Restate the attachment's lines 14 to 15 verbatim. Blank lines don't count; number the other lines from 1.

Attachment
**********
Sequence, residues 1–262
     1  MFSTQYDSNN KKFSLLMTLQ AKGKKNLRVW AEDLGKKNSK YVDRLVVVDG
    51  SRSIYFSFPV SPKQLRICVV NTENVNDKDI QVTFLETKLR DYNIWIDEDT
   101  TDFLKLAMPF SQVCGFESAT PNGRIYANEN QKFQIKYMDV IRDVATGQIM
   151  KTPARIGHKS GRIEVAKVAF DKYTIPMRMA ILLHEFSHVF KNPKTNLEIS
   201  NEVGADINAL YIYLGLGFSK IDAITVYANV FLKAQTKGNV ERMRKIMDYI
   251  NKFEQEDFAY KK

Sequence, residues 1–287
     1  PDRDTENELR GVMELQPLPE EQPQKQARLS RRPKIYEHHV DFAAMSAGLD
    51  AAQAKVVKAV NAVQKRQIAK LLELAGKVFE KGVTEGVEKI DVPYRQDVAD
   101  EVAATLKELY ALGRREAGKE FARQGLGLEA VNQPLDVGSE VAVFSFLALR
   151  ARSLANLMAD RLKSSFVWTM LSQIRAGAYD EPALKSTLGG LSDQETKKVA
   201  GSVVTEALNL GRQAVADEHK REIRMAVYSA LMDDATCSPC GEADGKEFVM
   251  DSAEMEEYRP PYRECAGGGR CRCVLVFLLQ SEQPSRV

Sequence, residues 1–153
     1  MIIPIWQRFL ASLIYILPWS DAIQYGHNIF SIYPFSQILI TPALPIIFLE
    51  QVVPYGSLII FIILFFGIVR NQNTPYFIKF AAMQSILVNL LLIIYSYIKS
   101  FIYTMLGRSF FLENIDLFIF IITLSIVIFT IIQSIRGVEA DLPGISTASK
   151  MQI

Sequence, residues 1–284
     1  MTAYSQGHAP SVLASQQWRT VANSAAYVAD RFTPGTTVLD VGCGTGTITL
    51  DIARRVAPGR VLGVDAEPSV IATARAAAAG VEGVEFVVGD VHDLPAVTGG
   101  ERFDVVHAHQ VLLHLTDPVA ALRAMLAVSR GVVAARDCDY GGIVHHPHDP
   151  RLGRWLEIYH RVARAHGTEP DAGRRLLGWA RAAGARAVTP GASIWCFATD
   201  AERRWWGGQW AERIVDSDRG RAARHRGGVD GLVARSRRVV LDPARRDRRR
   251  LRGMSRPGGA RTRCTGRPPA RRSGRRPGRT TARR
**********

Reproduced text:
   251  DSAEMEEYRP PYRECAGGGR CRCVLVFLLQ SEQPSRV

Sequence, residues 1–153